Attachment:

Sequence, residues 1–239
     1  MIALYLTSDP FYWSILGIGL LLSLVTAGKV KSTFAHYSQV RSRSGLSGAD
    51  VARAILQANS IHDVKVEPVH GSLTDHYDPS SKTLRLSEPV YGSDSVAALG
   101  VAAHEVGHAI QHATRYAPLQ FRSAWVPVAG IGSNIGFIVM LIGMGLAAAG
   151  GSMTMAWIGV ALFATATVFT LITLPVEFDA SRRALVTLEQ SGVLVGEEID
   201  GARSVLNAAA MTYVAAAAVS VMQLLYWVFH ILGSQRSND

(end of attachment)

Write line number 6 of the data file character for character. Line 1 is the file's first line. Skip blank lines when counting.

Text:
   201  GARSVLNAAA MTYVAAAAVS VMQLLYWVFH ILGSQRSND